Dry Cleaning Businesses Reflect the Economy

If you want to gauge the health of your local economy, you can look at all of the charts and graphs that economists produce or you can drop by your local dry cleaners.

As the recession wore on, some dry cleaning shops said they saw clothing stack up month after month. People were not picking up the clothes they dropped off because they couldn't afford to pay the bills. But sometime late this spring, pressures eased a little.

The Miami Herald said office layoffs hit dry cleaners hard. People didn't need to wear their suits.

The Herald's story also said:

"Lenny Weiss, director of Internal Operations for the National Cleaners Association, said most of the nation's dry cleaners are seeing similar losses.

" 'Any time the economy has a down swing, the dry cleaning business is affected because it's a luxury service,' Weiss said. 'At this point in time, the dry cleaning business is a very difficult one to be in.'

"Nationally, there were 36,000 cleaners in 2006, according to IBIS World, an industry and market research company based in Santa Monica, Calif. The most recent numbers for 2010 are 33,250.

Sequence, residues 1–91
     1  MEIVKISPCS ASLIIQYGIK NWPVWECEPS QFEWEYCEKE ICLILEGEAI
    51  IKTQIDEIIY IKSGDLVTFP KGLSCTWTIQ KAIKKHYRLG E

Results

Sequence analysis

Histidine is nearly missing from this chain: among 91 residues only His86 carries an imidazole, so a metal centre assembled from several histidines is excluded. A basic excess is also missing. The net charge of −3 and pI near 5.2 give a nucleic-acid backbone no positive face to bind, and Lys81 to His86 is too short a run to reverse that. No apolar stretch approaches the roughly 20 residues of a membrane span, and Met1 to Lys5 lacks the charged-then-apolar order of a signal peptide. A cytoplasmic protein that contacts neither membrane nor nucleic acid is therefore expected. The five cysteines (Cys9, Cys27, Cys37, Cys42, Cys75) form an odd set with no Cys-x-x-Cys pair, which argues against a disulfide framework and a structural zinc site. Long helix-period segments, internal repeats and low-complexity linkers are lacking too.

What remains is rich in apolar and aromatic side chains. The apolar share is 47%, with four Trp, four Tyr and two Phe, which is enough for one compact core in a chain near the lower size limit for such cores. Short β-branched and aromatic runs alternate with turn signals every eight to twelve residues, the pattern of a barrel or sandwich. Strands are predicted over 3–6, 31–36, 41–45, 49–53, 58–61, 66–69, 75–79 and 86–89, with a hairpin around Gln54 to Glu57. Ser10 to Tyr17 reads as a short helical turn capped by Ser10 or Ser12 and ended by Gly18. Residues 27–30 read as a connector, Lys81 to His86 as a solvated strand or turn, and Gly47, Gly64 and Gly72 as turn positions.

" 'This is the worst I've seen,' said Michael Sternshein, owner of Cricket Cleaners in Palm Beach and president of the National Cleaners Association. Sternshein has been in the dry cleaning business for the past 40 years.

"The industry has been in decline for several years, notably since 2008, said Toon Van Beek, a senior analyst at IBIS. 'With profit margins so tight and competition so high, it's tough. A lot of these companies have had to close doors.' "

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    Al Tompkins

    Al Tompkins is The Poynter Institute’s senior faculty for broadcasting and online. He has taught thousands of journalists, journalism students and educators in newsrooms around the world.


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